October 24, 2003

PSA: Drug Warning -- Quicksilver

No such thing as a "small" dose.

"You know, I've seen a lot of people walkin' 'round
With tombstones in their eyes
But the pusher don't care
Ah, if you live or if you die."

Officials across the United States are expressing serious concern about a new "designer" drug which has hit the streets across the nation. Unfortunately, this new drug, known as "QuickSilver" or "Baroque" is neither regulated nor even recognized by the FDA.

Reluctant addicts describe the drug as "a mission begging for my commitment" or "it's not too big for me, I can take it." Symptoms of addiction include long periods of somnolent silence and contemplation, interrupted only by serious lifestyle needs such as sleeping, working, or eating. Usage of the drug in the lavatory is common, and sometimes it's major venue.

During a typical "session" (typically begun just before going to bed, or, in bed), the addict quickly finds their world transformed into a medieval world of stultifying detail. The user valiantly continues on, sure that there is something of interest, somewhere. Instead, the session quickly resembles a computer game where "you are in a maze of self-indulgent passages, all alike". Shortly afterwards, the addict gives up, and puts the drug aside.

For that session. In roughly 24 hours, it begins again.

One of the most puzzling aspects of the drug is the drive of it's users to finish it, as if "running out", or "finishing all of it" was a goal. Officials suspect this is an insidious experimental additive to encourage future sales, but it seems self defeating since the user would only have to buy more QuickSilver for at least the next 5 years, something officials admit only the stupidest addict would resort too.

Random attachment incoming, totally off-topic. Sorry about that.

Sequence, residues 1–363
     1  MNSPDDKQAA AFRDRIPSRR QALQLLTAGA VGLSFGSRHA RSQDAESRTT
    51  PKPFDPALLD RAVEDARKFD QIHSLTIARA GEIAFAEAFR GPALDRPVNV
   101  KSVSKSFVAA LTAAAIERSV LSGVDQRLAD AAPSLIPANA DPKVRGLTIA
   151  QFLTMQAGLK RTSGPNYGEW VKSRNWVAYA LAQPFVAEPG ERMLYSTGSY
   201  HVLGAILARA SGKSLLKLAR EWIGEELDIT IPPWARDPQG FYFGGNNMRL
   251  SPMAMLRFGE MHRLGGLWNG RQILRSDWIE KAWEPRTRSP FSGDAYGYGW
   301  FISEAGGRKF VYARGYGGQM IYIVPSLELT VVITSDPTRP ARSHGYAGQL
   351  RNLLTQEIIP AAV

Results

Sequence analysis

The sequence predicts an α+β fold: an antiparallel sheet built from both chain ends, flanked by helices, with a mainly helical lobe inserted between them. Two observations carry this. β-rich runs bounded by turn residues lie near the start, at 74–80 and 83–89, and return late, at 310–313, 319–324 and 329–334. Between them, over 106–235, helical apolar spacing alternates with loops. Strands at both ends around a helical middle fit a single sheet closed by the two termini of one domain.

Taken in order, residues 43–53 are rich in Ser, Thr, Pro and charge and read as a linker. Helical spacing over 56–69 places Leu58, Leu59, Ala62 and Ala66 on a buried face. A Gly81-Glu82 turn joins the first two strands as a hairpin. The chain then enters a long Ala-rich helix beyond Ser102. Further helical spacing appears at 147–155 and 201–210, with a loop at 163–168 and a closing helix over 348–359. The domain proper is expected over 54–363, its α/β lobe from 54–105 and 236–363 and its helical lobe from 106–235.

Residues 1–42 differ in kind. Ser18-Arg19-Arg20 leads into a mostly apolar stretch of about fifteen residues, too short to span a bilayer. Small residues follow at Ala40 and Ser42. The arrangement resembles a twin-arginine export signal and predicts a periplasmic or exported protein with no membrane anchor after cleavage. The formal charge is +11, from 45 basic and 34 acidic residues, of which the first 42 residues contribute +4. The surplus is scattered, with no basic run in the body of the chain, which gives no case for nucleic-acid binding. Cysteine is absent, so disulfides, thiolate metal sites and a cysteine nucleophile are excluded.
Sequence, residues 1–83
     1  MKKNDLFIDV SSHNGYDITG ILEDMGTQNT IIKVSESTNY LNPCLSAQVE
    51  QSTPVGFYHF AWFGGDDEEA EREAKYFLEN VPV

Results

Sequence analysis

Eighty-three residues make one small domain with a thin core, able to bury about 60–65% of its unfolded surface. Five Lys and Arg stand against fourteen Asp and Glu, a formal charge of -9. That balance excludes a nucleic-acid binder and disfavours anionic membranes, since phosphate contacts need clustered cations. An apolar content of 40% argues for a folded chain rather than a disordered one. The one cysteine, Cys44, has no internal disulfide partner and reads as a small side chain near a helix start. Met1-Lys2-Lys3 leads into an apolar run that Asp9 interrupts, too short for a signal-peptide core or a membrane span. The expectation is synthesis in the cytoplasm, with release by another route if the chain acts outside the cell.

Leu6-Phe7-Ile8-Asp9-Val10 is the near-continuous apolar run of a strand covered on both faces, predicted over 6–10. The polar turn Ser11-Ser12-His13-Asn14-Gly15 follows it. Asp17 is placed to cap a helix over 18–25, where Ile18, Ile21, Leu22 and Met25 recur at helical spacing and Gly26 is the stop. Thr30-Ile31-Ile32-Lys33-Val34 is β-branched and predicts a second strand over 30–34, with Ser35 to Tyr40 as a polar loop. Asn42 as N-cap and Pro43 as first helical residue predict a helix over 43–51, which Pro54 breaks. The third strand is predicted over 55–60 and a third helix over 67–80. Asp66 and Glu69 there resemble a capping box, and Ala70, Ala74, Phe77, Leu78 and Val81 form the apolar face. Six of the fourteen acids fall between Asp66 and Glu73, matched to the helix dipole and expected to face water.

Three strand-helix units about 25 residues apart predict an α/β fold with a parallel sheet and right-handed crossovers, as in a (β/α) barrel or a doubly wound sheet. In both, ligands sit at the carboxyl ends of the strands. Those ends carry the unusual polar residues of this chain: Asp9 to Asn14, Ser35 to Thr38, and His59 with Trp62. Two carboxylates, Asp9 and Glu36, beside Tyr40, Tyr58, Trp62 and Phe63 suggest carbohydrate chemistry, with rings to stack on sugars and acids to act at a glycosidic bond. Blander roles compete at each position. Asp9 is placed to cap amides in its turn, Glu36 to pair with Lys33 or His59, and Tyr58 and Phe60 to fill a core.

FDA scientists have analyzed the molecular structure of the drug, and determined that it's actually part of a family of drugs which have been evolving since the '90s. The first version, Snowcrash, actually had no detrimental affects, but led it's users to a significant expansion of their thought processes. Indeed, some readers went on to found companies after taking the drug. Repeated use had no detrimental affect, and new users are still appearing.

Later evolutions included Diamond, and Cryptonomicon. Each was similar to Snowcrash, but the latter was already showing the detrimental effects of QuickSilver. Indeed, in a thinly veiled ploy to work through stockpiled product, induces repeated visions of Cryptonomicon, encouraging the user to supplant their addiction with the older drug.

Our own sleuthing has traced these drugs back to a single lab, known in the underground parlance as "Stephenson", "Neal", or even just "Steph's". This shadowy character is apparently a native of Maryland, and our investigators have captured photos here, and here.

Pusher or Prevaricator?
The pony tail is a dead giveaway

Officials are at loss as to what to do. Addicts really want to believe QuickSilver will be as good as Snowcrash or Diamond, but have yet to find it's substance. The biggest fear is that many of them will die of old age before finding out the truth, or just toss their dose out, and live forever not ever knowing if they should have finished it.

As a Public Service, we warn you. You will find this new drug being pushed at bookstores across the nation, and even on the web. We'd like to tell you more, but we're too addicted ourselves to take the time to do so.

Don't buy this drug. But, if you do, please tell us what happens.

Alert First Published at Michael's Web

Posted by Vanderleun at October 24, 2003 11:03 AM
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